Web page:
Sep 1, 2005

Hell-Storm Katrina

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Left: Thousands of refugees walking on an elevated expressway in New Orleans - Reuters

The images of chaos from New Orleans have been haunting me for days, especially given the fact that the initial reports from the networks were that the city managed to avoid catastrophic damage. New Orleans is experiencing death and misery on a scale perhaps unprecedented in modern American history.


Left: N.O. Police officer guarding a fuel truck - London Times

Perhaps most disturbing have been the images of residents reduced to looting retail businesses. There have certainly been opportunistic thieves hellbent on grabbing flat-screen TVs, expensive audio equipment, and Oxycotin, but seeing desperate people wading through chest-deep sewage to steal bottled water, food, and diapers is horrifying. Would that I never have to live in a place reduced below the level of existence of the worst Calcutta slum.


Left: BP station at Central and Cherry - historymike

Closer to home, of course, we are seeing the unseen hand of the free market working its disinterested magic upon gas prices. Fears of long-term damage to oil refineries, offshore wells, and Gulf coast ports have sent the pump prices well above $3.00 a gallon. I was intrigued to see two BPs (Secor/Monroe and Central/Cherry) have different prices 15 minutes apart today ($3.14 to $3.19). Numerous stations have just given up posting prices on the marquee signs, since the price is seemingly changing by the minute.



Left: (clockwise) Mayor Jack Ford, Fire Chief Mike Bell, Cynthia Savage, Councilman Frank Szollosi, Juanita Greene (BCR), Traci Jadlos (Youth Commission) - historymike

Toledo Mayor Ford and numerous city officials gathered at 4:30 today to participate in a conference call with mayors from across the nation to discuss the destruction of New Orleans. The city is assembling a team of firefighters to send to New Orleans to assist with rescue efforts; these volunteers will be paid through administrative leave. Ford said that fundraising efforts will likely be coordinated with the local Red Cross.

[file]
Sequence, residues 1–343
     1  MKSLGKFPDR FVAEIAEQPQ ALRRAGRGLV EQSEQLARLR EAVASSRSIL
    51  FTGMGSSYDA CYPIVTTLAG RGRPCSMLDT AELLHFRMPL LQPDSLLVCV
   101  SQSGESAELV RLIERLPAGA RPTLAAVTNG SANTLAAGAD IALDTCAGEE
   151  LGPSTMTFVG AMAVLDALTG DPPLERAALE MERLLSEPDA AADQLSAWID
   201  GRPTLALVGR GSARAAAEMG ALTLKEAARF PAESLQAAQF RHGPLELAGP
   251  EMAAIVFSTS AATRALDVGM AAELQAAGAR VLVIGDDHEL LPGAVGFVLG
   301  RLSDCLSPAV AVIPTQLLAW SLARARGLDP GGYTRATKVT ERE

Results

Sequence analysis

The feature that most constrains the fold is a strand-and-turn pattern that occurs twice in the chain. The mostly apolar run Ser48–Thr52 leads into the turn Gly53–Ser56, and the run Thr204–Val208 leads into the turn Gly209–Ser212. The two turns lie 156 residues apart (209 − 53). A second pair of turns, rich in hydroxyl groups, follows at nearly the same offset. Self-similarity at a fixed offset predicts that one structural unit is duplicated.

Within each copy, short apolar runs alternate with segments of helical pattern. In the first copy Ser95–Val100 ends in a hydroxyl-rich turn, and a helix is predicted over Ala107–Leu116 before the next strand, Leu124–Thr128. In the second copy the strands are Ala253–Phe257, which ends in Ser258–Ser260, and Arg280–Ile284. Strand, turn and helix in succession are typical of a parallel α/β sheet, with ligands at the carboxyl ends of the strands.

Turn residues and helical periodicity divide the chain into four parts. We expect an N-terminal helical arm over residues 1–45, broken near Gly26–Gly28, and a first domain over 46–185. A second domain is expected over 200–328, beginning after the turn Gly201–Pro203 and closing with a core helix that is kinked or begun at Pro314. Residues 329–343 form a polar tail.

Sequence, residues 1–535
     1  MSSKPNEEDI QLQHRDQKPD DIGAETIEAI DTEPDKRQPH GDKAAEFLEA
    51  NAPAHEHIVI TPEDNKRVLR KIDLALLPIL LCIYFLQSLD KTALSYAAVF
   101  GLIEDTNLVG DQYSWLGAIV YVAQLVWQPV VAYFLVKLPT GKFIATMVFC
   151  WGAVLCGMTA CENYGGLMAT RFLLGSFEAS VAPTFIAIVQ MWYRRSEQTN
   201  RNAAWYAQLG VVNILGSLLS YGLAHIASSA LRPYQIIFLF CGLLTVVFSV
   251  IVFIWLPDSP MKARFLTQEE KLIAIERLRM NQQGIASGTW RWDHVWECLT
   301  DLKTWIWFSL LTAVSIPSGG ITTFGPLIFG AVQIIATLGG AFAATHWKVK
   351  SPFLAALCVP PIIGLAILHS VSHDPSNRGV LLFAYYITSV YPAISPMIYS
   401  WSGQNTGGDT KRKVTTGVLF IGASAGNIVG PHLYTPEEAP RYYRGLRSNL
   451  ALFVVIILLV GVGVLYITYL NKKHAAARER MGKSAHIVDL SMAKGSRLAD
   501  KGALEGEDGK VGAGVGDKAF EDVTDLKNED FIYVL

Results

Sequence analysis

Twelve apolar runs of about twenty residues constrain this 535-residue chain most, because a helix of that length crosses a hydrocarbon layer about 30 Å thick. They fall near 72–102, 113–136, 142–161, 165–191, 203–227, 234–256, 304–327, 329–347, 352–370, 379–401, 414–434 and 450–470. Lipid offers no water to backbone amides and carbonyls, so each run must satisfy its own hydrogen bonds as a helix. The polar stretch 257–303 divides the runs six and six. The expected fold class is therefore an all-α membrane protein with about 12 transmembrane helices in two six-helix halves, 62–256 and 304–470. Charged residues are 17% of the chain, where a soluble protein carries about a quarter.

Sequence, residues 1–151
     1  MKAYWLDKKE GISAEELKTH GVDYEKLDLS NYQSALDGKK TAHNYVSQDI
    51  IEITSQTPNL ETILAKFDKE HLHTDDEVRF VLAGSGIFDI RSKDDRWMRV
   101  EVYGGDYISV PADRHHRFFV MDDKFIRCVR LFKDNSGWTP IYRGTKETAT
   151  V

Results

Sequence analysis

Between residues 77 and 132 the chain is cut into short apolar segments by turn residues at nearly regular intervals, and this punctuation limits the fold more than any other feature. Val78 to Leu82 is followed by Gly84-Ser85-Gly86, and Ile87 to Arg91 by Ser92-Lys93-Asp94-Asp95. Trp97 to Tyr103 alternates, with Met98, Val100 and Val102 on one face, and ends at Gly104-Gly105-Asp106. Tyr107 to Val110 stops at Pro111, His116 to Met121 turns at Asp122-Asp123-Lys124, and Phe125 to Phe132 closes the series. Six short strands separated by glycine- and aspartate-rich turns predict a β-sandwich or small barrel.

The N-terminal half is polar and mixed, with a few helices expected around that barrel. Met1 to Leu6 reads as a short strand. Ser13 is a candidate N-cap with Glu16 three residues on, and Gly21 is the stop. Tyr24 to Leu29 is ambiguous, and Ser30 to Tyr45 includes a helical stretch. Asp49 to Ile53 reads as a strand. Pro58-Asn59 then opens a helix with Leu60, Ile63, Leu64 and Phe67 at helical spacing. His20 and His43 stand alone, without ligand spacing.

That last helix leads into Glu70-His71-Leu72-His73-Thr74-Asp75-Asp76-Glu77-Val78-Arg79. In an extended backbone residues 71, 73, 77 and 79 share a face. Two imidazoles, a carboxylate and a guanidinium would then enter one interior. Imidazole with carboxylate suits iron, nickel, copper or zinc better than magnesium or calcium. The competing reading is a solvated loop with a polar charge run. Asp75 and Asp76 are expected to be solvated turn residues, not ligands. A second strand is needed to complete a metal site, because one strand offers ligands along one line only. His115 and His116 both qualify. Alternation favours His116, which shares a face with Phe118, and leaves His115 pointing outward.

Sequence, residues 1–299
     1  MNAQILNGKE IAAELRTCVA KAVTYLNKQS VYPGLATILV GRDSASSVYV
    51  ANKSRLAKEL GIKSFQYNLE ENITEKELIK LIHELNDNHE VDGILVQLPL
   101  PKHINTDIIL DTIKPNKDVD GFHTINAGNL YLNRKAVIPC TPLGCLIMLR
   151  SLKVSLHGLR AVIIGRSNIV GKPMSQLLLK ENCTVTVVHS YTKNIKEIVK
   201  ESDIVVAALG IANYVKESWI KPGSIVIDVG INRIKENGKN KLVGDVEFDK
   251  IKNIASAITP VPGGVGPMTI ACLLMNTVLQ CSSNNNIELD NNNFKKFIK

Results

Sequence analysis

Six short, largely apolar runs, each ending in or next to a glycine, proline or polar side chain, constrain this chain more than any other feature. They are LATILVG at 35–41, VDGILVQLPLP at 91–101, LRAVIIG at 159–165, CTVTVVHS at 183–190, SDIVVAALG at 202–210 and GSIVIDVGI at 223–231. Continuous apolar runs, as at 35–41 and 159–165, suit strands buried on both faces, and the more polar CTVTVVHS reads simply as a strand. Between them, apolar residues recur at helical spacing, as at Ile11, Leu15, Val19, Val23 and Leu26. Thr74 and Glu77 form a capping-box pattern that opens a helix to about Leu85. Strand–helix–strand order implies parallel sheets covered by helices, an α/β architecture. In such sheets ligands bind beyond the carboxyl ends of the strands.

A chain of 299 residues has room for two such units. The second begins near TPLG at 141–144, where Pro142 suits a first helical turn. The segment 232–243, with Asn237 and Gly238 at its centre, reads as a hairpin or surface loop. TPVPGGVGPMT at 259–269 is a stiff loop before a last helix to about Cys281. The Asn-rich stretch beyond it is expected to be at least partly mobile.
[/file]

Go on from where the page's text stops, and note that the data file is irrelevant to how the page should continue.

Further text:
The scale of this disaster is almost beyond comprehension; the destruction of buildings and infrastructure in New Orleans may be akin to that of Hiroshima or Dresden, since many of the city's buildings will have to be leveled once the water is pumped out. The idea that a modern American city can be reduced to utter devastation ought to be a sober reminder to all of us about how quickly one's fortunes can change.

To assuage the survivalist in me, I am going to stock up on a couple of cases of bottled water, some flashlight batteries, and a few extra canned goods.

6 comments:

Anonymous said...
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Anonymous said...

Where did you get the Ford pic?

Anonymous said...

CNN anchors break down
I'm watching Anderson Cooper lose it right now. He just went bananas on Mary L. Landrieu, the Senator from Louisiana - she was talking a lot of wishy-washy policy and Andy just totally faced her by telling a ...
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historymike said...

I got the picture from the 22nd Floor of One Government Center, after interviewing the mayor for the Toledo Free Press.

Sorry, gotta wait until next week for the details of the interview.

Frank said...

Looking forward to those details. Appreciate your thoughtful approach to the aftermath of katrina. Its unlike anything I think anyone alive has ever seen - surpassing in scope of 9/11 & just as shocking, I think.

Anonymous said...

Why are you sucking up to Jack Ford?